Finally, Charlotte has lunch with William Makepeace Thackeray and he tells her that Emily’s book is the best of the ones written by the three sisters, and he asks her what she thought of it. She admits that she’s not read the whole thing. Well, she wouldn’t have, would she? She’s not an intellectual, she’s not got any literary curiosity, she’s not even a good sister. But we’re supposed to believe that this woman crafted one of the greatest novels of her generation, a work that is sensitive and emotional and beautiful.
If Charlotte hadn’t been played by Olivia de Havilland, there might have been no sympathy to be had for her. Luckily, she is played by Olivia de Havilland. De Havilland was a big star, an ultra-traditional Hollywood leading woman. (For a modern day comparison, I’d go with Julia Roberts. Witty but wholesome, and she’d charm the pants off you before you could decide there was anything to dislike about her.) Emily, on the other hand, is played by Ida Lupino, a dark-haired, slant-eyed iconoclast who usually popped up in crime films and who defied convention by directing a few of her own in the 50s. The casting works for what the movie was trying to do, that’s for sure. Even if I don’t agree with it.
The experience of watching Devotion reminded me of Becoming Jane, from a couple years ago (that movie that spins an incomprehensible story out of Jane Austen’s alleged love affair with a guy called Tom Lefroy). I don’t like the reduction of a literary icon to a passive heroine, and never have, but that didn’t stop me from seeing it in the theater when it came out, and if it were to come on Oxygen some night (it probably will, knowing the frequency with which they show the Keira Knightley version of Pride and Prejudice) I would totally watch it just to grouse about how they got things wrong and imagine it better in my head.
Jane (played by Anne Hathaway in the film) is allowed to be sort of sharp and witty, at the start at least. It’s well-documented that the actual Jane was the Dorothy Parker of her day, the one you wanted to sit next to in the corner if for no other reason than that would dissuade her from making fun of you. Making her sweet and demure would have been just wrong. But the subsequent love story tames Jane in a way that makes her less fun and interesting than she was before. Not that this isn’t realistic (this happens to people all the time, it’s nicely called “settling down”) but there’s pretty good evidence to suggest that it’s exactly what the real Jane Austen didn’t want to happen in her life, and the real reason she never married. There was no broken engagement with Lefroy; Austen was engaged to another gentleman for about six hours but backed out, and ultimately died a contented spinster. (So runs the folklore.)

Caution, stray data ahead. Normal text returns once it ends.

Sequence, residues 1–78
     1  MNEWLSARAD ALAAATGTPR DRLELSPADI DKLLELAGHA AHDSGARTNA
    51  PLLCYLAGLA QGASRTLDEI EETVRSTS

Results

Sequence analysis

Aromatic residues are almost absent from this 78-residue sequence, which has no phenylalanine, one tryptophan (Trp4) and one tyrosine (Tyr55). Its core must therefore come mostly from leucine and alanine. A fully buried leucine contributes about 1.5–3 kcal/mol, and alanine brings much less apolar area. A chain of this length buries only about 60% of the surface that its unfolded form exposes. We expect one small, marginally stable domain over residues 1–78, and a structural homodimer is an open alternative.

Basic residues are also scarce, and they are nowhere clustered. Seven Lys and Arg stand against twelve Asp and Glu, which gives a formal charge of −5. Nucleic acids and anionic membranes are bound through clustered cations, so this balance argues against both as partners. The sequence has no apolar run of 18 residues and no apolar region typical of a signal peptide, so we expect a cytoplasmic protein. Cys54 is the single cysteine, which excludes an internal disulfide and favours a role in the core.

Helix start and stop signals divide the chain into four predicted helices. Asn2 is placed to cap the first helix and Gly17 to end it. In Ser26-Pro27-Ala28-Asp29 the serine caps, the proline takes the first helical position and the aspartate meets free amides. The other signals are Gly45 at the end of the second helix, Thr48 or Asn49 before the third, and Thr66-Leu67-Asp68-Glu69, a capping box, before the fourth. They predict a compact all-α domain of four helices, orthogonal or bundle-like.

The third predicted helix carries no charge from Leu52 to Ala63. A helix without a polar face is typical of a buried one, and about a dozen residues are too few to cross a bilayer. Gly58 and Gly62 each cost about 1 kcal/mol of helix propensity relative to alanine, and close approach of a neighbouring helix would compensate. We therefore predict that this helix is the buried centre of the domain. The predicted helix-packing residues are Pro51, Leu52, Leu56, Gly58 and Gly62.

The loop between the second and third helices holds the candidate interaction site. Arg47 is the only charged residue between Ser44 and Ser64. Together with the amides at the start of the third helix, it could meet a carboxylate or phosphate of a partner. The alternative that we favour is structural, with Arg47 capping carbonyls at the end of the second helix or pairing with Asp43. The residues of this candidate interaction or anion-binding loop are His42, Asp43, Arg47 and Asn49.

Why would she have made such a choice? Well, there’s literal considerations, of course—read A Room of One’s Own, where Virginia Woolf asks readers to really sit and think about how Jane Austen went about writing her masterpieces. She kept the pages underneath the ink blotter on the desk so no one would see them. She had to continually abandon the work to tend to her household responsibilities—visiting and receiving visitors and whatever else young women did back then. (In the BBC version of Pride and Prejudice the sisters are continually drying flowers and doing needlepoint.) Think if Austen had married. In a pre-birth control era. Of course she didn’t marry. She marries and the entire rest of her life is about children and serving her husband. It’s not because she couldn’t find anyone who’d take her and it’s not because she had one tragically-thwarted love story. It’s because she said to herself, I can do something different, and I want to. There’s something about that story that appeals to me. In the vernacular of today’s TV, she chose herself. Why can that be a story on Beverly Hills, 90210 but not in the Jane Austen movie?
It also bothers me that (in the movie) Lefroy needs to introduce Jane to a broader view of the world. He gives her Tom Jones to read and she blushes at the bawdiness. ARE YOU KIDDING ME? Do not give him credit for what she knows, movie. Do not suggest that she only produced six of the greatest novels in the English language because first some swarthy Irishman filled her head with ideas that weren’t there before. She knew well enough to pick up Fielding before Lefroy came into the picture, she knew how to turn a plot and she knew how to sketch out the inhabitants of her little English villages because she did. Look at Shakespeare in Love—which is the reverse-gender version of this movie. Shakespeare is still Shakespeare before he falls in love. Why couldn’t Jane have been Jane?
Why so much this?
Why not more of this?
There are so many examples in the movies of women who just don’t get to be complicated geniuses. They stumble into their success and then are ambivalent about it because it means boys won’t like them as much. Haven’t we moved beyond this by now?